New Jersey Sea Grant and NOAA programs partner to offer professional development opportunities for undergraduate students.
NOAA recently awarded New Jersey Sea Grant funding to plan and host an event focused on workforce development for the field of fisheries population and ecosystem dynamics. The program is a partnership effort supported by Sea Grant, NOAA’s Office of Education and the National Marine Fisheries Service (NMFS) aimed at engaging undergraduate students in the specialized field of population and ecosystem dynamics, which combines science with mathematics for science-based management of U.S. fisheries.
During Capitol Hill Ocean Week (CHOW) 2019, Sea Grant and the Women’s Aquatic Network collaborated to host a brown bag lunch session on Increasing Diversity, Equity and Inclusion in the Coastal, Marine and Ocean Science Workforce. Four panelists, including those from government and non-government sectors, offered inspiring, specific and candid remarks during the packed session, which had standing room only.
The sun is shining and the water is calm: what better way to spend a warm summer day than dropping anchor, kicking back and casting a line? Every year, tens of millions of people flock to U.S. coasts to enjoy recreational fishing and boating. Sea Grant supports the recreational fishing and boating enthusiasts and industries by providing resources that teach people learn how to fish and boat, help boaters and anglers determine when and where to go on the water, how to get the most out of their excursions while staying safe, and how to protect the environment so future generations can enjoy the same experiences.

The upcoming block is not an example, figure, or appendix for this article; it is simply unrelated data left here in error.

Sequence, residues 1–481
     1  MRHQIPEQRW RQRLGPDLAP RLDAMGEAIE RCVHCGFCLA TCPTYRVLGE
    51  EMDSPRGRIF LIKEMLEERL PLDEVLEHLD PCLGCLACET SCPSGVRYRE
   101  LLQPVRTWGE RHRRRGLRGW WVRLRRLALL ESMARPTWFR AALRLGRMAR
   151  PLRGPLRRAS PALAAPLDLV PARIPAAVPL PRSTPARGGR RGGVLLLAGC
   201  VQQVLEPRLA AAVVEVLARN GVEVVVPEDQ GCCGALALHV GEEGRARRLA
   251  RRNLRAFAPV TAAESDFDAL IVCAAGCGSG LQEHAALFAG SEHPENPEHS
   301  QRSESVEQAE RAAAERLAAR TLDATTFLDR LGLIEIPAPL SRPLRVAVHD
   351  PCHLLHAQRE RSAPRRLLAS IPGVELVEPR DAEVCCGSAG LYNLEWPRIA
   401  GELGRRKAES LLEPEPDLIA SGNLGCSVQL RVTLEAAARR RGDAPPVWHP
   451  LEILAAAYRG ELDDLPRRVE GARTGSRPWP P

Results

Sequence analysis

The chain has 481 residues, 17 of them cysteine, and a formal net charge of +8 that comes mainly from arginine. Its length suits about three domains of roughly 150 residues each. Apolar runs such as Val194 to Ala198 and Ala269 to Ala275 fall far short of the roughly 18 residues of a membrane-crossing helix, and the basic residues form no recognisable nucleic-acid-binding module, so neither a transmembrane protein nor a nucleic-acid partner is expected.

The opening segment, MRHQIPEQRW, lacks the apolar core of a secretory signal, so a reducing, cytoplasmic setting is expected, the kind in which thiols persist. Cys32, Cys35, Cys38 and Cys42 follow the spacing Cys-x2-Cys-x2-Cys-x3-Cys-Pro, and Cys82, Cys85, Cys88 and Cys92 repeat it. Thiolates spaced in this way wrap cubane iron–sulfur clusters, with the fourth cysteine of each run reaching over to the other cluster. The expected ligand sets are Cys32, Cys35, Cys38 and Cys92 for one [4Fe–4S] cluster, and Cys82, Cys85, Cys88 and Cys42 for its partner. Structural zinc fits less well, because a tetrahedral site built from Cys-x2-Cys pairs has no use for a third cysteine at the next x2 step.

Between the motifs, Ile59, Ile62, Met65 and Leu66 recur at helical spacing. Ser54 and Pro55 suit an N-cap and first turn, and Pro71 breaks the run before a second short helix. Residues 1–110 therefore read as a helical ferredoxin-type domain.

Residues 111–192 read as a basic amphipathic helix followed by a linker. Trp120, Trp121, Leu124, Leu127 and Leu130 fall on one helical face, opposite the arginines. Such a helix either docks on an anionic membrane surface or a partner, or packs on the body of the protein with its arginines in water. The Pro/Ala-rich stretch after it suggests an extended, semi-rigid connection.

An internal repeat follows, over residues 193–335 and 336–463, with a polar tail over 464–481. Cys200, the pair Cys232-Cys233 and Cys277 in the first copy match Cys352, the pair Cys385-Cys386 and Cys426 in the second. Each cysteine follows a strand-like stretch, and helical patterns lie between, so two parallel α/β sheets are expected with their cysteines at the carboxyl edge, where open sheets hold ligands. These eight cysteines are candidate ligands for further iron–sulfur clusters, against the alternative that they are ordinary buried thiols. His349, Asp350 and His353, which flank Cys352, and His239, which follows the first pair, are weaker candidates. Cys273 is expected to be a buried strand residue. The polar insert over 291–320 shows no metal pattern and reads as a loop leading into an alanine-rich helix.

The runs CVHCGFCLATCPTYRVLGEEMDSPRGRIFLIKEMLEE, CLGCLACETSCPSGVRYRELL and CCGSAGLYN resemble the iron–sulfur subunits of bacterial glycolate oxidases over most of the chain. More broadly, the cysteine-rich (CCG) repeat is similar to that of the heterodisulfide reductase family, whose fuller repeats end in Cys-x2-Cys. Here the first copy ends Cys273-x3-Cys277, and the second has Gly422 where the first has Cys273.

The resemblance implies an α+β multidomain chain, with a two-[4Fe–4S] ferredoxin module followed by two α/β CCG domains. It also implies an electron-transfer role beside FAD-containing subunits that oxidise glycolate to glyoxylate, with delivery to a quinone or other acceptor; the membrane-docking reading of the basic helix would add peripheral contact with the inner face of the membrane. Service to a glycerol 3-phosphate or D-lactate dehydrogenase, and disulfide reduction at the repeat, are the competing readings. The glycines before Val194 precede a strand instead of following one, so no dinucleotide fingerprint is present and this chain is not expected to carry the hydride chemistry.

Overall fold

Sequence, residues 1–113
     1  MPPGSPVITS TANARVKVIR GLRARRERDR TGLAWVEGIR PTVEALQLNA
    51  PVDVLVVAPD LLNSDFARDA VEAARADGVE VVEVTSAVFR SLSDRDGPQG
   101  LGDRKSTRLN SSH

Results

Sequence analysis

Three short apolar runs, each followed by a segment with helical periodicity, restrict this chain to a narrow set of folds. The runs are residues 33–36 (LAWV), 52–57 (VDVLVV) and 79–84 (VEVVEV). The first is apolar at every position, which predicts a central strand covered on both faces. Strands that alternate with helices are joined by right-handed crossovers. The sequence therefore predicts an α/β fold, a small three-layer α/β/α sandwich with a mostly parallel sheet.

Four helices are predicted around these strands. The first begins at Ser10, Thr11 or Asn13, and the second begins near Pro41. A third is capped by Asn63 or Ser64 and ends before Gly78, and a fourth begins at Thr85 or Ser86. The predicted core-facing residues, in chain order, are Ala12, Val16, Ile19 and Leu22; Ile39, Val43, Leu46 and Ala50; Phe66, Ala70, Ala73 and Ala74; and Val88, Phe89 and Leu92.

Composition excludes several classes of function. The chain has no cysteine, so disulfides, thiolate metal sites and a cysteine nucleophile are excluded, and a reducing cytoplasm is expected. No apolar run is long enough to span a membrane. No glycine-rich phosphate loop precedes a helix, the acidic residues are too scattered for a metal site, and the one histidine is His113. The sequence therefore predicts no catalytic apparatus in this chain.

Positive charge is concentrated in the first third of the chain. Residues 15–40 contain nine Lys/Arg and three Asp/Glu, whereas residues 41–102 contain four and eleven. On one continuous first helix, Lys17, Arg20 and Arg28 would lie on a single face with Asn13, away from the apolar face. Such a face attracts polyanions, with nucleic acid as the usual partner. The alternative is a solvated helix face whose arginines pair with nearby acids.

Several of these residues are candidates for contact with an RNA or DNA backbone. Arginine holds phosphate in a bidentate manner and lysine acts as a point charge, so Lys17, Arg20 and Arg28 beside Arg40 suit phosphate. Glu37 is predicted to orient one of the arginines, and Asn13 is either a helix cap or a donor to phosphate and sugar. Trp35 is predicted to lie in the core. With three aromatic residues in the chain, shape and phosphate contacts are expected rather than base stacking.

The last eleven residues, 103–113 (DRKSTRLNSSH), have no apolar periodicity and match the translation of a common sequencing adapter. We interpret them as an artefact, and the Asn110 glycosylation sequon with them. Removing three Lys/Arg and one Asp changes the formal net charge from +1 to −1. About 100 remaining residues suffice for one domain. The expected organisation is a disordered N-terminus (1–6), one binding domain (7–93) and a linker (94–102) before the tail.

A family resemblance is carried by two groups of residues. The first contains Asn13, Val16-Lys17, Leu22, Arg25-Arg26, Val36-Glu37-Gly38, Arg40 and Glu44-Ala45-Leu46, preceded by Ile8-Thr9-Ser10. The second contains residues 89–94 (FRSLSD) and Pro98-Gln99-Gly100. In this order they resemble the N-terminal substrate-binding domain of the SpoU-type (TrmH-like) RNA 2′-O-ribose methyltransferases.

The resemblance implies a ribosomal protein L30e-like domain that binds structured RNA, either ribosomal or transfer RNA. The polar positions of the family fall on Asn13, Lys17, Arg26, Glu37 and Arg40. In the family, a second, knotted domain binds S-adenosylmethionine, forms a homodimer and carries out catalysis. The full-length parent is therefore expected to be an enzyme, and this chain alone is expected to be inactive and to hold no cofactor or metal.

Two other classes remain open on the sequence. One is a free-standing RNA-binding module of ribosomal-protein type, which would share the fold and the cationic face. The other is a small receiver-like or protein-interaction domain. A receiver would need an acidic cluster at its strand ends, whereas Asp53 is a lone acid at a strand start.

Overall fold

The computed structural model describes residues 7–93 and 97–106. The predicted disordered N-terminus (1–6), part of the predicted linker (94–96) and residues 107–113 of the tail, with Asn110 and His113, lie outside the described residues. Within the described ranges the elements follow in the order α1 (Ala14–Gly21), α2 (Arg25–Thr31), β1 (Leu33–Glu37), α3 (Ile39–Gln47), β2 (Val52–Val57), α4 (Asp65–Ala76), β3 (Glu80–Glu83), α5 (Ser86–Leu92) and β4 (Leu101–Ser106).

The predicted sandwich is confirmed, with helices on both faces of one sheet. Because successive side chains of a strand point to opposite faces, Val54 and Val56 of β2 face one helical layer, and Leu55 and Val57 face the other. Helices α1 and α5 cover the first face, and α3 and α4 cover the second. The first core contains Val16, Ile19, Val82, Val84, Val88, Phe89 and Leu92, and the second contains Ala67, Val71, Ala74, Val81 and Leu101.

In Puget Sound, The Nature Conservancy in Washington wants to learn more about shellfish aquaculture structures and how they impact the marine environment for specific organisms or life stages. They partner with the National Oceanographic and Atmospheric Administration (NOAA) and Washington Sea Grant, as well as the Jamestown S’Klallam Tribe and shellfish farms, to study which fish and crab species use shellfish aquaculture habitats.
Since the 1960s, surfers from the United States have been going to Rincón, Puerto Rico to catch the best waves of the winter season. The trend has been so consistent that the town has slowly built its economy along its approximate eight miles of beautiful coastline, now famous with tourists. Yet, as the surfing community continues to swell, the beaches get crowded, and the same waves that keep the local economy afloat also put tourists and locals at risk of losing their lives.